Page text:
Tag Archives: Elizabeth Arden

‘War Paint’ and ‘Indecent’: Two views of New York City history on Broadway

History has always been a critical component of theater, especially in musicals, where period sets and costumes assist in creating other worlds on stage quite unlike our normal one. But last year, with Hamilton: The Musical, the stage phenomenon which won the Tony Award for Best Musical (and a million other awards), history became a rock star.

Or rather, historical figures, even those with seemingly little contemporary vigor, had the ability to inspire a new generation, if reinterpreted by the right talents.

The musical categories for the 71st Annual Tony Awards, announced on Tuesday, are a bit more competitive this year than last, when Hamilton took home eleven awards.  The Best Musical category is an especially diverse cross-section of subjects in terms of time and place — one contemporary tale (Dear Evan Hansen), one from recent history (Come From Away, set right after September 11, 2001), a European historical fable (Natasha, Pierre and the Great Comet of 1812, based on Tolstoy) and, of course, a musical that is literally about not having any history (Groundhog Day, based on the movie).

Joan Marcus/Polk & Co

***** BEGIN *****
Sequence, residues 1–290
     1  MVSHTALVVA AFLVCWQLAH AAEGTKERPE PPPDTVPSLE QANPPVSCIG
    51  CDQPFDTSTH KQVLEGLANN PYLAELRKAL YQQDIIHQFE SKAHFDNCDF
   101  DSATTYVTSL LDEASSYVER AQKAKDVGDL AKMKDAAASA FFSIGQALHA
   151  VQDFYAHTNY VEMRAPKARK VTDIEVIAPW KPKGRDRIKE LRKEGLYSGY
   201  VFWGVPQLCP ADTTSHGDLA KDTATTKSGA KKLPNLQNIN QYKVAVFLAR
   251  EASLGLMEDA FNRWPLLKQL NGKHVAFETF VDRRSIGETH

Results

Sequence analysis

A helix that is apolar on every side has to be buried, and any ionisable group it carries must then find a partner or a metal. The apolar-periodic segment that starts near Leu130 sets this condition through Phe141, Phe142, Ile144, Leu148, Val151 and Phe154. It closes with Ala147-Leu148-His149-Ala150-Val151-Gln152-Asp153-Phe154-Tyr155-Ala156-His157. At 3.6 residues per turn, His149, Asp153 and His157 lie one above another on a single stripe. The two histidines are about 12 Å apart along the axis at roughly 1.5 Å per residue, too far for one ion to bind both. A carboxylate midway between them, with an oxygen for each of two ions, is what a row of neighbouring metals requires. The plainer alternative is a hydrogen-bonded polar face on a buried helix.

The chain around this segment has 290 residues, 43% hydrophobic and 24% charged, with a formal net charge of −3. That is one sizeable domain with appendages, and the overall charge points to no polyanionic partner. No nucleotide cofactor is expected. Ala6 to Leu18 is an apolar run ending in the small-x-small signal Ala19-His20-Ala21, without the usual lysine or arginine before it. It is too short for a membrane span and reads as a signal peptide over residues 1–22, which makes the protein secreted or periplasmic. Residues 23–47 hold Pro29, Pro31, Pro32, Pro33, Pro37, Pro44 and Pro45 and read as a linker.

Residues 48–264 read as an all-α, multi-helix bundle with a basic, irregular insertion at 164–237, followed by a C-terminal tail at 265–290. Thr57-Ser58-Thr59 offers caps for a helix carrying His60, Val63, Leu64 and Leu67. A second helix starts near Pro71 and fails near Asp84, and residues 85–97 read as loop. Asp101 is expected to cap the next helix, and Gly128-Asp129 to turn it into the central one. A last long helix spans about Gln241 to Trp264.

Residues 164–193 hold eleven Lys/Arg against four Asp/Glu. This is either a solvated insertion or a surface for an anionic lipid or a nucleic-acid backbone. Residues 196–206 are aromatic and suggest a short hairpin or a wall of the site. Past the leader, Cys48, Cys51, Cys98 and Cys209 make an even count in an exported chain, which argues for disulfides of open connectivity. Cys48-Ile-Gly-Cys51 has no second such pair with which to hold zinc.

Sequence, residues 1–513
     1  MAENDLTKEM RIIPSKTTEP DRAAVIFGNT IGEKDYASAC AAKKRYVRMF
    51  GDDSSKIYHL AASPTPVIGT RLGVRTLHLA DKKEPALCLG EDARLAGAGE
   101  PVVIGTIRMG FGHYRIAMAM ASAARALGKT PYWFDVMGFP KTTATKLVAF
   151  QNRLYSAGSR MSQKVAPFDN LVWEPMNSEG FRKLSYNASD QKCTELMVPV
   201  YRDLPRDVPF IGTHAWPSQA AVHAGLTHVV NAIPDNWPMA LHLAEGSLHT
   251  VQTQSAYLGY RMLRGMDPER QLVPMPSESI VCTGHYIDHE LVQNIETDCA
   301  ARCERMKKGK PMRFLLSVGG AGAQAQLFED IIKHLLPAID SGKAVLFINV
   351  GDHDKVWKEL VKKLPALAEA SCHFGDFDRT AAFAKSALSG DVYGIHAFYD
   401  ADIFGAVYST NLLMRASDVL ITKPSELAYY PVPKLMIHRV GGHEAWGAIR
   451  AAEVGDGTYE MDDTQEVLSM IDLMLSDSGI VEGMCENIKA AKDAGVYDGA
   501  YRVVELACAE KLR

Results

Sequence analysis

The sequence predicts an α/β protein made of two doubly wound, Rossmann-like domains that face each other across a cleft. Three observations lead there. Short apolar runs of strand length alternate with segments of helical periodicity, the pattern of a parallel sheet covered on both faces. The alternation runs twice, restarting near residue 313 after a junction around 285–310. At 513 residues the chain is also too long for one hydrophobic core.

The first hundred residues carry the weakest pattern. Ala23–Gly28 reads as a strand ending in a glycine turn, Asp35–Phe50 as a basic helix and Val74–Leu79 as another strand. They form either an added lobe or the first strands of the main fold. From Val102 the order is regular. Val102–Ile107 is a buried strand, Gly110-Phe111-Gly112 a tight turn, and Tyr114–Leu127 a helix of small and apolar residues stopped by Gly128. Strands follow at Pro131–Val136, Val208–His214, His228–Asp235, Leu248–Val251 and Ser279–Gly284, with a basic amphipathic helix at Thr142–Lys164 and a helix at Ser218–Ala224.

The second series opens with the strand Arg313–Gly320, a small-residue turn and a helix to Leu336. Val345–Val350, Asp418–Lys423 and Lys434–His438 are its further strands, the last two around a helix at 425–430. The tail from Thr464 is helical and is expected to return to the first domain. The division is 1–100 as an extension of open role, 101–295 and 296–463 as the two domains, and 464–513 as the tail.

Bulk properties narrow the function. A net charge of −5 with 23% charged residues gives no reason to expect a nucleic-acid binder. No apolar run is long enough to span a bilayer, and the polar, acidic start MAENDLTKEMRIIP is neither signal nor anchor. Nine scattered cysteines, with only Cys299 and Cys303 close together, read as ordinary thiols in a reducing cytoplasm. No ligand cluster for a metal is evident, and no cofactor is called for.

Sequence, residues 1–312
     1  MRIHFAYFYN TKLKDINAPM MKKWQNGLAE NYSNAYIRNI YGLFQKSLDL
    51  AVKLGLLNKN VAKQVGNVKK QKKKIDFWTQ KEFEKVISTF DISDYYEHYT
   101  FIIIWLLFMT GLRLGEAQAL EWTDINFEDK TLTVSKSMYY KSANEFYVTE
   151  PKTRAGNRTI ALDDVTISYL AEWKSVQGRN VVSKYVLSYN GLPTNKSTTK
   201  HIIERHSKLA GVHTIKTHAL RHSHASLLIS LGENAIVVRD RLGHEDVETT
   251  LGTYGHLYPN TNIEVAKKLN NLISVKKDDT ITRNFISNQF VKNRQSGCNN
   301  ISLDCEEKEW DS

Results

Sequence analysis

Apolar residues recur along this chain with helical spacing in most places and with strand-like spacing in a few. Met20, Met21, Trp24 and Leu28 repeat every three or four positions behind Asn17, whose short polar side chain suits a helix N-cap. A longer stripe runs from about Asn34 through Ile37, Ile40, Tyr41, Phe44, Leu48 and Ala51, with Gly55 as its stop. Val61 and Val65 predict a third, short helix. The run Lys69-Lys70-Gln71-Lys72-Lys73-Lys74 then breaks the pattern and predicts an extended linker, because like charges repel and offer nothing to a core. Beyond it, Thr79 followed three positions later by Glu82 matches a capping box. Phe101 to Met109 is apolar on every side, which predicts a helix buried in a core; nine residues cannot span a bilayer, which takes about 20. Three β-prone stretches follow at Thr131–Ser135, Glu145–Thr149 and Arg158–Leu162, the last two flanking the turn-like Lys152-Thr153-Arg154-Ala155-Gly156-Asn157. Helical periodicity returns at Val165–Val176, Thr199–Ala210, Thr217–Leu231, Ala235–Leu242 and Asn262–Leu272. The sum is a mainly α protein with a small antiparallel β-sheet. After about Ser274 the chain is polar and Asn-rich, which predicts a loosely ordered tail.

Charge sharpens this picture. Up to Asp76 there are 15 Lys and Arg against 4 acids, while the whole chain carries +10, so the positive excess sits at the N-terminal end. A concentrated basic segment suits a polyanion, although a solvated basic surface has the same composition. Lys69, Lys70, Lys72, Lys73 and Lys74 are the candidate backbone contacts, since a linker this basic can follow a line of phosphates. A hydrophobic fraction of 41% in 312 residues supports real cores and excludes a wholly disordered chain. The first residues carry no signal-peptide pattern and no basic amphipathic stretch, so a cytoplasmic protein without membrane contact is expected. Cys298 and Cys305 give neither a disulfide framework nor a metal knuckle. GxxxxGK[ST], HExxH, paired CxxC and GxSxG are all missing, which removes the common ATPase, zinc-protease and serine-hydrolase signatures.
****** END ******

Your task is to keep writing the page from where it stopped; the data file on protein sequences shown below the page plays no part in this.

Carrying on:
The new musical War Paint is this year’s musical representative of New York City history, replaying the story of Fifth Avenue’s most famous retail rivalry between cosmetics icons Elizabeth Arden and Helena Rubinstein. While War Paint didn’t make the Best Musical cut, its two main stars (Christine Ebersole as Arden, Patti Lupone as Rubinstein) are competing for Best Performance By An Actress In A Musical. Just as Arden and Rubinstein themselves would have wanted!

Arden, arriving from Canada, and Rubinstein, from Poland by way of Australia, set up their companies in New York in the 1910s. But the musical, with book by Doug Wright, music by Scott Frankel and lyrics by Michael Korie, actually starts in the 1930s with their careers firmly established on Fifth Avenue, their competing salons bustling with society women.

Why skip past their origin stories? War Paint is more of a showcase than a show, designed to do something very rare, providing an opportunity for two great female musical stars to take the stage at the same time.  (Quick: Name another musical with two female leads where they are not playing witches.)  Because, practically speaking, you want established stars in your musical, the story must start with Arden and Rubinstein already at the top of their game.

Joan Marcus/Polk and Co

The musical escorts the pair through the mid-century — past the changing roles of women in World War II, past the television revolution — as their once-chic brand names struggle to change with the times. On occasion the story pauses to infuse the grand, sweeping narrative with small biographical details.

If you heard our recent podcast on the subject, you’ll know that Arden and Rubinstein never actually met (at least, as the legend goes). This too works to the musical’s benefit, giving each star separate storylines that veer into each other just enough, never letting one upstage the other.